Eve Arnold was a favourite among Hollywood stars for her sensitive and unobtrusive approach, which allowed her intimate access to their inner worlds. One such subject was Joan Crawford, one of the last great stars of the golden age, whose reputation as a dramatic and hot-headed personality is the stuff of legend. Arnold photographed Crawford on several occasions, over which a close bond formed. Arnold observed that Crawford’s “whole professional life has been one of great concern with her person. It is a commodity which she sells not only to the public but also to herself.”

If a photographer cares about the people before the lens and is compassionate, much is given. It is the photographer, not the camera, that is the instrument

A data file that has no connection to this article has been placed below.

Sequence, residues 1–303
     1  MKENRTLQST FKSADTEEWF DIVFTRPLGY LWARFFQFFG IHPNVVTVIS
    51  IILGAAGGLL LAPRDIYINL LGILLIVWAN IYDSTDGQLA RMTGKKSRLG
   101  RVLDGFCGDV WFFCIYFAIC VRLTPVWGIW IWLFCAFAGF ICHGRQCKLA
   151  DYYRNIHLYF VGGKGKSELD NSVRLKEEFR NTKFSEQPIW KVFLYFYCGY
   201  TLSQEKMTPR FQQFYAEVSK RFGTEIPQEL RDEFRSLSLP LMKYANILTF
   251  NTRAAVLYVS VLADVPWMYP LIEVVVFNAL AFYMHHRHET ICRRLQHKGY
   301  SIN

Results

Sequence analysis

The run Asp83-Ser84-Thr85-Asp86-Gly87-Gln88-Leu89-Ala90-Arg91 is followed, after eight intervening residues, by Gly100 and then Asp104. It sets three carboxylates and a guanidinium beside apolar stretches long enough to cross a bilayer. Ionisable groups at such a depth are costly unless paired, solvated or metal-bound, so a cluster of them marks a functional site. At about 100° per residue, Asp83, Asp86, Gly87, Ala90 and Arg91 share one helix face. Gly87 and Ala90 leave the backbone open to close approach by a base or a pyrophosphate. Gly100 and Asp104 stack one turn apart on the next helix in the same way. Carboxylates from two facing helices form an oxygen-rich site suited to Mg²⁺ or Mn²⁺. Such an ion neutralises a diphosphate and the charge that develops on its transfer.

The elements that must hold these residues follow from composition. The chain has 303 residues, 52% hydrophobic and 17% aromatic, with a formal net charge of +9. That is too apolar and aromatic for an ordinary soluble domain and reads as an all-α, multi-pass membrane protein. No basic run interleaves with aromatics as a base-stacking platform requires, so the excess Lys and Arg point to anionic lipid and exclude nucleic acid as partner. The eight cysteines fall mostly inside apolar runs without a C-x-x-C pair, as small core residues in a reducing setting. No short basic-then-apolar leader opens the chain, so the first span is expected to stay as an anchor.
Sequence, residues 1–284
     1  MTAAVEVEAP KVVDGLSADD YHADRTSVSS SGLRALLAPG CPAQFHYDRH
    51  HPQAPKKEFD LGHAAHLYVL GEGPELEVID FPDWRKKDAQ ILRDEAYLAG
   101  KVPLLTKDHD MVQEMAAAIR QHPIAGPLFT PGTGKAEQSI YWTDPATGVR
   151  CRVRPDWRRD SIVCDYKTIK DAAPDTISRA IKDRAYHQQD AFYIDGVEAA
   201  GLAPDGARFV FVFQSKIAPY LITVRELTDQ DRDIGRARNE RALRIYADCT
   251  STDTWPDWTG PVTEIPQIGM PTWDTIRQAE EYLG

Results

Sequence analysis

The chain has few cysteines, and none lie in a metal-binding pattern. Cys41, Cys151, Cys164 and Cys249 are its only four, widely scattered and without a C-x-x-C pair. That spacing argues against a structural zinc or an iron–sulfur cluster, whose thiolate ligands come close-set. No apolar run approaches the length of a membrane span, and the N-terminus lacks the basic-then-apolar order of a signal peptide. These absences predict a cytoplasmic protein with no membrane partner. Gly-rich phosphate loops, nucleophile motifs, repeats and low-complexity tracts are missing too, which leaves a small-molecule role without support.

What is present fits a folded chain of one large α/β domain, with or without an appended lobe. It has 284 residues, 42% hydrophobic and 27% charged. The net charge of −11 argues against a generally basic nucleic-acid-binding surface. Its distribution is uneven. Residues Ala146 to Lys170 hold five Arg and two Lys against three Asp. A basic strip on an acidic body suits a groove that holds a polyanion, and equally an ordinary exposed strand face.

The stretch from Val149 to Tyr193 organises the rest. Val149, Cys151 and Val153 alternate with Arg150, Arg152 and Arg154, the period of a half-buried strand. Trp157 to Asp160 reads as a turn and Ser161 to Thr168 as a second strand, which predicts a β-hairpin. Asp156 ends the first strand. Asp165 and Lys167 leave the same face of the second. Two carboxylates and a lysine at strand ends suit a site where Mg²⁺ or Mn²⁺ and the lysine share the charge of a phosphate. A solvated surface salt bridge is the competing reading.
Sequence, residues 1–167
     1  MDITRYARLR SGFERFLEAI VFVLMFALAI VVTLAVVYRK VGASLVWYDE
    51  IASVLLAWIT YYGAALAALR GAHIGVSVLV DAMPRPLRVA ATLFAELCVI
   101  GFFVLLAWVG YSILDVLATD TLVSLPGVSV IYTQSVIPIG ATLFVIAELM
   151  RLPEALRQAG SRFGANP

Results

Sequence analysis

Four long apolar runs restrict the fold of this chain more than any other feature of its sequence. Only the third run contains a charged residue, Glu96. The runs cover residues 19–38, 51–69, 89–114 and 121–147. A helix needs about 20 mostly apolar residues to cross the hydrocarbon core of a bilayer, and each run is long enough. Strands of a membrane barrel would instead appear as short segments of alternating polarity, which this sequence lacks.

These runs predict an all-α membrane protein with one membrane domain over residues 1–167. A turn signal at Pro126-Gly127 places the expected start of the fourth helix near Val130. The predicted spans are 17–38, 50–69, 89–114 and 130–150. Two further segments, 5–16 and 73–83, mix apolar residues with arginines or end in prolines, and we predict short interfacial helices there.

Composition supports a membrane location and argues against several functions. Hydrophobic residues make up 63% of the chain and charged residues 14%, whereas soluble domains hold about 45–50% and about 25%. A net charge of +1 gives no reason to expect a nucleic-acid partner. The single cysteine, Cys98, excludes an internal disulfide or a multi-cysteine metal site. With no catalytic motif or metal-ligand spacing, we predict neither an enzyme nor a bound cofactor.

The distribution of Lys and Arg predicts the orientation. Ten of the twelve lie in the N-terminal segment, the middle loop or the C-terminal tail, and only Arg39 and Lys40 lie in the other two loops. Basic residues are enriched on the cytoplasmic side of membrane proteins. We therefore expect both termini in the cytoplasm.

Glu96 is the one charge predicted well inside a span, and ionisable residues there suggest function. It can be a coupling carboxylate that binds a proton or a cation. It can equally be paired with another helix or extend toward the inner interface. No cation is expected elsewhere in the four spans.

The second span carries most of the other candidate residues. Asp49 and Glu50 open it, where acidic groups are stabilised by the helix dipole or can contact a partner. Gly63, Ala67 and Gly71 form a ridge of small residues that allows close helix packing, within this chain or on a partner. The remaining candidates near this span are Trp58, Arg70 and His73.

Eve Arnold
© Eve Arnold | Magnum Photos

Eve Arnold was born in Philadelphia, Pennsylvania to Russian immigrant parents. She began photographing in 1946, while working at a photo-finishing plant in New York City, and then studied photography in 1948 with Alexei Brodovitch at the New School for Social Research in New York.

Joining Magnum in 1957 as the agency’s first female photographer, Arnold captured some of the most significant individuals and groups of the era. She is well known for her intimate portraits of Marilyn Monroe, with whom she became good friends.

Other signficant projects include her documentation of the Nation of Islam and the black fashion world of 1950s Harlem, as well as her extensive work in China, for which she received a Lifetime Achievement Award from the American Society of Magazine Photographers.

Eve Arnold died in January 2012.

© Eve Arnold | Magnum Photos

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